Neoliberalism shaped Hank’s conception of the self, but a necessary component of the neoliberal self is memory. If the self is a conglomerate of their skills and achievements, those who are unable to recall what these are cannot possess identity. The neoliberal theorization of the self cannot account for those unable to recall the characteristics that they have accumulated over their lifetime. Despite this, Hank still sees his father as exhibiting identifying characteristics, causing an internal struggle in an attempt to unlearn neoliberal ideas and craft new ways of defining the self.


Janelle Taylor advocates a conception of the self that is not bound to the individual but distributed amongst those for whom individuals care (Taylor 2008). She highlights how the self can be “emergent in practices of care” through an analysis of the repetitive behavioural quirks her mother has developed as a result of her dementia (Taylor 2008, 326). When out at a café, Taylor’s mother will wipe all the crumbs off the table and onto a napkin, then carefully fold it to contain the crumbs inside, preferring to clip them together as well when possible (Taylor 2008, 330). Her bundles are manifestations of the habits she developed during the years “she spent cleaning the kitchen counters, picking up after me and my siblings, working to create an orderly home” (Taylor 2008, 330). Although the behaviour seems bizarre, her mother has prioritized these details her whole life, and by ensuring such cleanliness was also a way she demonstrated care for others. An important way Taylor’s mother looked for her children was by maintaining a clean environment, and the collection of these crumbs was her way of striving to continue this care. Despite the neoliberal self-being made inaccessible by dementia, the self may be shown through care.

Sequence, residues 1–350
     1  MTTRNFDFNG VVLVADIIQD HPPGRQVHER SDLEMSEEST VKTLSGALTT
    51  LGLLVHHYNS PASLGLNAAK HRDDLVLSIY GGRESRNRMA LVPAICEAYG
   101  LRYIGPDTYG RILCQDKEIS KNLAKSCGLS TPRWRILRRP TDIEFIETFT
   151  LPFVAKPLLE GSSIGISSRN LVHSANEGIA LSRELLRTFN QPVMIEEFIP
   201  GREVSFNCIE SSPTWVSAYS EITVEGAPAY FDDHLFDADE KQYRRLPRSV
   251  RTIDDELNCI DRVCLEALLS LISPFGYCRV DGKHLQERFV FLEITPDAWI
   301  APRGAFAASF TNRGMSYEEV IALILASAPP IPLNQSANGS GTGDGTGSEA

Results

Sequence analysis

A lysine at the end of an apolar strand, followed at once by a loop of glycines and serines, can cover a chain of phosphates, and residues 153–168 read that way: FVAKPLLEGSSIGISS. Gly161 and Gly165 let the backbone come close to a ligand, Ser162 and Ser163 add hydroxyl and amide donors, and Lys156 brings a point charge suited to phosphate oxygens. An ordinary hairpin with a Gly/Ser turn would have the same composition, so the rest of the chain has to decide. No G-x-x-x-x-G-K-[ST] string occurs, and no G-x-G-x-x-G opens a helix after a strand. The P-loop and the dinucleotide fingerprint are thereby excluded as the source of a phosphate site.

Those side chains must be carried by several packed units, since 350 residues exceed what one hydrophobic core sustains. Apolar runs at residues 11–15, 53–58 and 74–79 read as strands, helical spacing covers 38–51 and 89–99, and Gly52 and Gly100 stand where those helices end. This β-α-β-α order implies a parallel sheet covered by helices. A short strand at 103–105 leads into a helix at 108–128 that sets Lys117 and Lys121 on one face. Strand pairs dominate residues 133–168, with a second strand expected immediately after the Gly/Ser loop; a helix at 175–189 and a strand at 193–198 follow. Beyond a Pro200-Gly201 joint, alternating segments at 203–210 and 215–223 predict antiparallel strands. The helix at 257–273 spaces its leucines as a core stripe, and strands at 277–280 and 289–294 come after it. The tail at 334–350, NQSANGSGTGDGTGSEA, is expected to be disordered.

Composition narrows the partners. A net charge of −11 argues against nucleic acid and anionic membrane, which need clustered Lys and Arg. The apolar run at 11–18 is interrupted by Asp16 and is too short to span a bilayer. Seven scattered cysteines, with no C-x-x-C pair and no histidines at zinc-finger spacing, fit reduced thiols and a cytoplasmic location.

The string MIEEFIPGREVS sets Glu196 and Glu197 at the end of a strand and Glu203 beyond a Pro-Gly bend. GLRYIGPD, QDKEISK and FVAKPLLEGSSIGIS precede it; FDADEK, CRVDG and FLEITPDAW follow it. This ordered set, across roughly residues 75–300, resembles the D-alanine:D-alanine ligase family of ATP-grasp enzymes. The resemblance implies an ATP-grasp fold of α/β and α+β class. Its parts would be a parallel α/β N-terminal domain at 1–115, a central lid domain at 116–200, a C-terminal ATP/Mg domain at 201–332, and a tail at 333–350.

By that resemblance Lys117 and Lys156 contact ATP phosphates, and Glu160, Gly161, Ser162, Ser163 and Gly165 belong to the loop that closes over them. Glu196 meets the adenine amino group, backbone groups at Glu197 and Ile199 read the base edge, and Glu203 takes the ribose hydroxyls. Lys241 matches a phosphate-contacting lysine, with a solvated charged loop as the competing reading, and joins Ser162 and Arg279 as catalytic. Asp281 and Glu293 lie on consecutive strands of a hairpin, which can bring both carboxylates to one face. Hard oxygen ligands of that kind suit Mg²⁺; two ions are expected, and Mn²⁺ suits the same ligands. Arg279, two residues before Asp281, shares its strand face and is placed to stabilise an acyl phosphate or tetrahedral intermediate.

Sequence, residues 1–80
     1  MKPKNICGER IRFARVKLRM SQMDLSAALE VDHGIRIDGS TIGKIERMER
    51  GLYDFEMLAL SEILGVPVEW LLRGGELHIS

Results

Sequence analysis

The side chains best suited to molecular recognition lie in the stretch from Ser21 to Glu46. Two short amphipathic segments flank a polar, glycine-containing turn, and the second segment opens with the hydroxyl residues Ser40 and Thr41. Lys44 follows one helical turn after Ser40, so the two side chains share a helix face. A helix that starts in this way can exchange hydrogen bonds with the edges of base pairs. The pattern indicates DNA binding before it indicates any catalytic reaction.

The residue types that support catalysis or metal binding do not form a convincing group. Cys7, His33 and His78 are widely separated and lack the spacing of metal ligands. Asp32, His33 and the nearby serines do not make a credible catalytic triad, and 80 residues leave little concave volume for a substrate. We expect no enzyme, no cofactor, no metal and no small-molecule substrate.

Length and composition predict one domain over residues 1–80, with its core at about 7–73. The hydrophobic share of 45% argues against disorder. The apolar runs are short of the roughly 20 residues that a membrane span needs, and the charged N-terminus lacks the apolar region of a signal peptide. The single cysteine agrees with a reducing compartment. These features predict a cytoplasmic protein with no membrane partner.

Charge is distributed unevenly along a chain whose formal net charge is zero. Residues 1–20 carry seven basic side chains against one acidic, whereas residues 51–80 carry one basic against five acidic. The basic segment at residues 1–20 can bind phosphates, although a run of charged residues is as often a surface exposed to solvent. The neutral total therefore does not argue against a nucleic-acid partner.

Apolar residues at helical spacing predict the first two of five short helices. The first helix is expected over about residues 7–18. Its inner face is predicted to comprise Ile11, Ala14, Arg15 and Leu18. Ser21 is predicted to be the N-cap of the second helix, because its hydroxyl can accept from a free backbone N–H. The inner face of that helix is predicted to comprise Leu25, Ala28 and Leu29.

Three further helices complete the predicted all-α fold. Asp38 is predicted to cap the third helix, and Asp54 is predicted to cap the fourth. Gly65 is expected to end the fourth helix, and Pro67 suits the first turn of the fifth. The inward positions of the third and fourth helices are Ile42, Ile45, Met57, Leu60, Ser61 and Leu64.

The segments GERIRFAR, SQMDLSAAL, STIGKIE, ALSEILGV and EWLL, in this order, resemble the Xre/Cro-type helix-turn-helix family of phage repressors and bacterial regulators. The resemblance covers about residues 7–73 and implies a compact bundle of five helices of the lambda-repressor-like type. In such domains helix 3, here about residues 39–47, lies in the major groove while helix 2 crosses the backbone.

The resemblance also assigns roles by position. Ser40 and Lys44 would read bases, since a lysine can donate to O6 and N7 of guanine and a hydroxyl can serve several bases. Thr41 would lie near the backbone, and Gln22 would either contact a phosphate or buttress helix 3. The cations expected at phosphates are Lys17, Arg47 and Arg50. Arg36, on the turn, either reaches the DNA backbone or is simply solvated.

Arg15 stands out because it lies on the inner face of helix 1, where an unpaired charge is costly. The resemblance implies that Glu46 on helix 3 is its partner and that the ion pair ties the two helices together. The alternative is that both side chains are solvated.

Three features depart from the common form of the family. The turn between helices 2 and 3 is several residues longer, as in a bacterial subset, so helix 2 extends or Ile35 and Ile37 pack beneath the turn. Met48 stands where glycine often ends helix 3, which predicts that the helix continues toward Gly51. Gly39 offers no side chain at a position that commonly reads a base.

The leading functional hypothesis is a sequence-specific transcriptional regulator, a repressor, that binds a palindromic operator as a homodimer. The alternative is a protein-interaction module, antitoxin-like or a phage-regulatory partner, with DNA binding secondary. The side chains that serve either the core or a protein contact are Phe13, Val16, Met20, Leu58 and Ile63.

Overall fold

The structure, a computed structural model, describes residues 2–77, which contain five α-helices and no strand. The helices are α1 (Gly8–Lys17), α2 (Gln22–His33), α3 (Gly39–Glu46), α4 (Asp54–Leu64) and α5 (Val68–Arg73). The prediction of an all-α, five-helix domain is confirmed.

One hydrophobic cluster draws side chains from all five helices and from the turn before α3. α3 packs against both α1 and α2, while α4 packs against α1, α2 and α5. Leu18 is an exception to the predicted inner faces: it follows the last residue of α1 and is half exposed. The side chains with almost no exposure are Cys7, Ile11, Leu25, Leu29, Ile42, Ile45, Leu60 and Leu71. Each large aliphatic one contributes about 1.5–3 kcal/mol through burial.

Similarly, Hank and his father regularly go for lunch on Fridays, and each week Hank’s dad insists on paying, demonstrating an effort to still fulfill the role of provider. Through his father’s efforts, Hank sees continuity in his father’s self. On numerous occasions throughout the interview, Hank confidently reports: “He’s still that guy who’s like ‘I’m going to help, I’m going to help’” and “I feel like that’s the same guy that I’ve known my whole life.” Neoliberal theorizations of the self are limited by their focus on individuality as they do not consider the ways the self can be distributed through interaction with others. Even though, because of his dementia, his father is unable to articulate or access his own sense of self, he continues caring for Hank the way he always has. When Hank’s father insists on paying, it is his way of showing his son he cares—just as when Hank was growing up, his father prioritized being able to financially support his family. Although avoiding outward displays of emotion, Hank’s father’s dedication to “making sure the family was looked after and had what they needed” illustrates his care for them—and paying for these weekly lunches is a continuation of this mentality.


 

Part III: Rethinking the Self